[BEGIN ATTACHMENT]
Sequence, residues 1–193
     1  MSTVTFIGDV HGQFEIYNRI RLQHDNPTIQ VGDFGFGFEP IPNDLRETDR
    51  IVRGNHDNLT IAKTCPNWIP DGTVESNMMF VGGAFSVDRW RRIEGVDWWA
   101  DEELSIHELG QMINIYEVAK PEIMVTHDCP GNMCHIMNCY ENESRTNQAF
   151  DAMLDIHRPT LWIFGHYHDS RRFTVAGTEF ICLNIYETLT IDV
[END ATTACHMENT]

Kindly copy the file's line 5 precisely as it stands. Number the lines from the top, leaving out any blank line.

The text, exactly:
   151  DAMLDIHRPT LWIFGHYHDS RRFTVAGTEF ICLNIYETLT IDV